(Image Source: Reuters)
By Clyde Russell
Imagine waking up one morning with a deadly tiger snake in your bed. To make matters worse out of the window you notice an approaching bushfire. Both are a threat to your life, but you are going to deal with the imminent danger of the snake first, and then tackle the more distant but still serious fire. It’s the same with the new coronavirus and climate change.
Since the rapid spread of the coronavirus beyond its origin in China and the social and economic havoc it’s wreaking across the globe, it may seem that climate change has dropped off the radar screen. Certainly, commentators on the right of the political spectrum and those who are climate change deniers have sometimes resorted to something akin to glee in pointing out how the coronavirus has shifted climate change to the back burner of current concerns.
But this ignores the fact that at some point the world will contain the pandemic, and climate change will once again become a driving influence in the debate on the future of energy. The coronavirus is also likely to change the market dynamics of the various types of energy, and mostly in favour of renewables such as wind, solar and hydropower.
The outbreak had already wrought radical change in two different ways. The first is that the oil and gas industry has been shaken to its core, while the second is that the cost of capital is at record lows, and there will be billions of dollars of stimulus spending looking for a home. Take the oil and gas industry. While the media and analysts tend to focus on the immediate issue of massive oversupply amid a demand shock from much of the world’s economy going into some form of hibernation, the longer-term picture has also shifted.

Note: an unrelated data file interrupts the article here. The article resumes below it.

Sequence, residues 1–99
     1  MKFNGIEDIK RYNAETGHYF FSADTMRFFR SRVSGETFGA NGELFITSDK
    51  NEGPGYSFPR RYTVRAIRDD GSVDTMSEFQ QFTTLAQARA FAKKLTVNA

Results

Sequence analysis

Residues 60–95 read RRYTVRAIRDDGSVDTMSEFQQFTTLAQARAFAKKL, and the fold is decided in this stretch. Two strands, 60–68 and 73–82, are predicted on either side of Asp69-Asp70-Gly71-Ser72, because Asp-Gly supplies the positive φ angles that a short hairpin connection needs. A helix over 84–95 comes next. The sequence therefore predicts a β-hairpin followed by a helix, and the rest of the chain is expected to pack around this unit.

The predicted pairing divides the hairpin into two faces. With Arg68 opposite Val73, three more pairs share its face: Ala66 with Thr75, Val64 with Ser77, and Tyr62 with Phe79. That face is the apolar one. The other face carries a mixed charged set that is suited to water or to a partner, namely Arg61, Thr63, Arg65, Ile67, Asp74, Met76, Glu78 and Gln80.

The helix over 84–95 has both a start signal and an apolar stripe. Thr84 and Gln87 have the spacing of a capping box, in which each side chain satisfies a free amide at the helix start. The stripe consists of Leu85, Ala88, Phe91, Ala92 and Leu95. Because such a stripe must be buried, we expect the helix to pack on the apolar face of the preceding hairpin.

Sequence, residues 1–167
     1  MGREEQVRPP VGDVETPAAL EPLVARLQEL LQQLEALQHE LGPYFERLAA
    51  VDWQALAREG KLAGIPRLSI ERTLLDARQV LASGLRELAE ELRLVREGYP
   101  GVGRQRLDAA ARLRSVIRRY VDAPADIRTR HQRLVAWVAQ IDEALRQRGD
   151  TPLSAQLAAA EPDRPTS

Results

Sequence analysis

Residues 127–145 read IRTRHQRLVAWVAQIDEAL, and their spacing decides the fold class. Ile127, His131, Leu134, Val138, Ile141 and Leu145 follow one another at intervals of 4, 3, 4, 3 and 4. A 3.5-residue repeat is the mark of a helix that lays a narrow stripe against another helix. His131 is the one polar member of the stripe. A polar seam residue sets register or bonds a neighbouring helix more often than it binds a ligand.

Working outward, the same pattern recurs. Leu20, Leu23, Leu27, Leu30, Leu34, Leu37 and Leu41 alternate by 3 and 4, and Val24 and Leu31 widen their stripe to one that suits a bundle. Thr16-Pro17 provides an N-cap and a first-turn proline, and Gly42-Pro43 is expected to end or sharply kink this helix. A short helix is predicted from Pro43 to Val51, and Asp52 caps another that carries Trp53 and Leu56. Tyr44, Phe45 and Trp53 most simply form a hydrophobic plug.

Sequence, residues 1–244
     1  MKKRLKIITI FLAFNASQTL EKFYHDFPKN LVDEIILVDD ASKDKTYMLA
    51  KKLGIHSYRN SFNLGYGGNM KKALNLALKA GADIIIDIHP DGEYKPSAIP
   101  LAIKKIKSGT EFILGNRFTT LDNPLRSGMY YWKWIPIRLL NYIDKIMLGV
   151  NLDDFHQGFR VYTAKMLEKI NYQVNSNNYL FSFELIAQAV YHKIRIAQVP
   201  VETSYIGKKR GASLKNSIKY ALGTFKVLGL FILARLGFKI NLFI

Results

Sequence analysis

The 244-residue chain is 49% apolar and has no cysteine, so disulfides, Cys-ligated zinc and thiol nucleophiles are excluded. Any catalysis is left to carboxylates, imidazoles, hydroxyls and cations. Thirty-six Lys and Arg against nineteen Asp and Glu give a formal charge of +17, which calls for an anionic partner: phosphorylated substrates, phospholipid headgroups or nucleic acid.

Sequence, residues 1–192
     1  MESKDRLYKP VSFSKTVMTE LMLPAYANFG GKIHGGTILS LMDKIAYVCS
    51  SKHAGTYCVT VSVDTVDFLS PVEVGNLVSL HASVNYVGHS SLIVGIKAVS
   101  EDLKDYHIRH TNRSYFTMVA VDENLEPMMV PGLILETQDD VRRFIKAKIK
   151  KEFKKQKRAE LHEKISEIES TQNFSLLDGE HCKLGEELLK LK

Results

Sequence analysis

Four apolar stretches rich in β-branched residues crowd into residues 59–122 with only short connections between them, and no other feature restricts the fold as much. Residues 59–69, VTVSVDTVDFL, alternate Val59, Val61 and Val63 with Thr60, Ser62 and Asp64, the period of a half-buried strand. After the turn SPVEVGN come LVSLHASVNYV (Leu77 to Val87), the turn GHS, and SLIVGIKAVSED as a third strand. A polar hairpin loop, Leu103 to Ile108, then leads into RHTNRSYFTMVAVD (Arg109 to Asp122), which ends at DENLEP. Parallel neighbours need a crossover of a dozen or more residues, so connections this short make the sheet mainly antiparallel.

The oil and gas industry has been crippled by the 53% slump in Brent crude futures since the high in January to around $34 a barrel on Tuesday, and the 66% plunge in the spot price of liquefied natural gas (LNG) in Asia from its pre-winter peak in October last year to last week’s record-low $2.80 per million British thermal units (mmBtu).
While it’s likely that both crude and LNG prices will recover in the coming months and years as demand growth resumes, it’s also likely that the trajectory will be lower. Previous experience of price collapses shows it takes several years for a full recovery to eventuate, mainly as demand has to recover, or supply has to adjust lower in order to achieve a balanced market.
For crude and LNG what this means is that much of the investment that had been planned before the coronavirus struck will be delayed or even scrapped. Up to $210 billion of planned oil and gas investments are now at risk from the coronavirus, consultants Wood Mackenzie said in an April 2 research note. “$110 billion of investment will almost certainly be deferred, with another $100 billion at risk,” said Rob Morris, from Wood Mackenzie’s upstream research team. “New committed investment could be as low as $22 billion if only the most advantaged projects progress.”
This massive pullback in oil and gas spending will ultimately help drive a recovery in crude and LNG prices as supply tightens over the longer term, but it also opens up a rare opportunity for renewables to grab more market share.
The biggest costs for utility scale wind, solar and battery storage projects are the upfront capital, given that once these projects are operating costs tend to be minimal. With central banks flooding the system with cheap cash and governments likely to be keen to pursue stimulus projects once the coronavirus lockdowns are lifted, renewables should be able to capture an increasing share of this investment.
In Western countries, renewables are popular with the most of the populace, while fossil fuel plants such as coal and natural gas units have largely lost the public relations battle and are seen as part of the carbon emissions problem. In developing nations such as India, Vietnam and others in Asia and Africa, renewables will likely be significantly cheaper and faster to build and connect to electricity grids than conventional fossil fuel power plants.
There is a counter-argument that cheap LNG will propel demand for new gas-fired power generation, but this will only be the case if the project developers and financiers believe that the current low LNG price will prevail for the 40 years life of a typical power plant.